What is the chemical formula for chromium(III) oxide?

1 Answer
Jul 26, 2016



The first thing to notice here is that you're dealing with an ionic compound that contains chromium, #"Cr"#, a transition metal, and oxygen, #"O"#, a non-metal.

The interesting thing about this compound is that it contains a transition metal as its cation, i.e. its positively charged ion. As you know, the name of a transition metal cation is written using Roman numerals.

This is done to distinguish between the possible oxidation states that transition metals can exhibit. In this case, the name of the compound contains the (III) Roman numeral, which implies that the metal has a #+3# oxidation state.

In other words, the cation carries a #color(blue)(3+)# positive charge

#"Cr"^color(blue)((3+)) -># the chromium(III) cation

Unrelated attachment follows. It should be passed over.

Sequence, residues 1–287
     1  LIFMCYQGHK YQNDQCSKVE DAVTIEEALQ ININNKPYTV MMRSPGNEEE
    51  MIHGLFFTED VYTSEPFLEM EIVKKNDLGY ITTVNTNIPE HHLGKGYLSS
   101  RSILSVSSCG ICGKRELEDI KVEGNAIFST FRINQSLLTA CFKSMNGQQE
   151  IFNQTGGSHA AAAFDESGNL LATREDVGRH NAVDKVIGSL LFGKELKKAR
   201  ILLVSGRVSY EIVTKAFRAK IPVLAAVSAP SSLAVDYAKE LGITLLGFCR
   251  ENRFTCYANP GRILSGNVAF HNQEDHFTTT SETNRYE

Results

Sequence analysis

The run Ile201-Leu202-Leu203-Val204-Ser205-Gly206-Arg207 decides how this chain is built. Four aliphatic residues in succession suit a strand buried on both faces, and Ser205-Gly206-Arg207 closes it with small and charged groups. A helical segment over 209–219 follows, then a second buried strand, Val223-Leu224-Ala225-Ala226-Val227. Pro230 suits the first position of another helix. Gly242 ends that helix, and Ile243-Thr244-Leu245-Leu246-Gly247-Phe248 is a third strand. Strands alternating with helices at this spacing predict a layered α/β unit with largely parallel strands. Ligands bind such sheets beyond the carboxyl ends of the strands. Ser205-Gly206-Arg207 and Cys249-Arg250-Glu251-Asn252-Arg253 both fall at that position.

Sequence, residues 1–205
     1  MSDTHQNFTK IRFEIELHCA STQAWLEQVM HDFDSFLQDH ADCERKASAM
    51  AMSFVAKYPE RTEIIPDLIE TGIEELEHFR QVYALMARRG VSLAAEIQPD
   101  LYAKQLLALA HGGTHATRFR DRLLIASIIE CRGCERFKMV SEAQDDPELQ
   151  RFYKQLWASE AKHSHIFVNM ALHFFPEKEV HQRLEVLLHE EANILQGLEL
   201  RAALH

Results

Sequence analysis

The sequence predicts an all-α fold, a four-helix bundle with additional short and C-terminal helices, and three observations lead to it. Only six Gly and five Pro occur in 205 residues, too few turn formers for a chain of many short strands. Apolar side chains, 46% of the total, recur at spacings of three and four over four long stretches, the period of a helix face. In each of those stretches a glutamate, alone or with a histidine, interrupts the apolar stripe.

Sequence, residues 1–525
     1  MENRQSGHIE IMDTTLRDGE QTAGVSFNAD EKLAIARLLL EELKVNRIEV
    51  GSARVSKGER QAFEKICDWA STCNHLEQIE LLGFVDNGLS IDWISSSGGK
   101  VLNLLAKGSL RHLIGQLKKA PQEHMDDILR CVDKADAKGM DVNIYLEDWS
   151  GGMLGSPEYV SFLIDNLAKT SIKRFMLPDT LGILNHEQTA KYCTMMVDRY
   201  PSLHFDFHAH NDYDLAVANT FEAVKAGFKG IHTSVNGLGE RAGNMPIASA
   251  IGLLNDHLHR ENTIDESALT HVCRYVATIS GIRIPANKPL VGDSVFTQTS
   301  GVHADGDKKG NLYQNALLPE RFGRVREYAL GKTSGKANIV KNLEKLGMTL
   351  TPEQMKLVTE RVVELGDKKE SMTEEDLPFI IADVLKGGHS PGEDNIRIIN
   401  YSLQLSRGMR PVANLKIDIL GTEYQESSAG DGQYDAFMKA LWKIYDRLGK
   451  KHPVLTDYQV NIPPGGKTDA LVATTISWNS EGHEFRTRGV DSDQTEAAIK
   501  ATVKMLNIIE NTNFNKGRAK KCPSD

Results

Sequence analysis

The anion, i.e. the negatively charged ion, is written using the -ide prefix. In this case, you're dealing with the oxide anion, #"O"^color(red)(2-)#.

The anion carries a #color(red)(2-)# charge because oxygen is located in group 16 of the periodic table, and thus requires two more electrons in its outermost shell to complete its octet.

#"O"^color(red)(2-) -># the oxide anion

Now, an ionic compound must be electrically neutral, which implies that the total positive charge coming from the cation must be balanced by the total negative charge coming from the anion.

In this case, you need #color(red)(2)# chromium(III) cations and #color(blue)(3)# oxide anions in order to have a neutral compound.

#color(red)(2) xx ["Cr"^color(blue)(3+)] + color(blue)(3) xx ["O"^color(red)(2-)] -> "Cr"_ color(red)(2)"O"_ color(blue)(3)#

The chemical formula for chromium(III) oxide will thus be